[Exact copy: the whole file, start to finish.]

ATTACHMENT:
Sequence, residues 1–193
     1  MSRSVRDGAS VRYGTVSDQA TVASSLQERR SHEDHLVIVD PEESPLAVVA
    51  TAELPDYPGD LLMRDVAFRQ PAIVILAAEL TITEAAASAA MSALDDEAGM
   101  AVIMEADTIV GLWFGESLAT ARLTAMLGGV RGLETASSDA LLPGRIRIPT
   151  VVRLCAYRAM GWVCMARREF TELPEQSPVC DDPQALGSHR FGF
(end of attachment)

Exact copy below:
Sequence, residues 1–193
     1  MSRSVRDGAS VRYGTVSDQA TVASSLQERR SHEDHLVIVD PEESPLAVVA
    51  TAELPDYPGD LLMRDVAFRQ PAIVILAAEL TITEAAASAA MSALDDEAGM
   101  AVIMEADTIV GLWFGESLAT ARLTAMLGGV RGLETASSDA LLPGRIRIPT
   151  VVRLCAYRAM GWVCMARREF TELPEQSPVC DDPQALGSHR FGF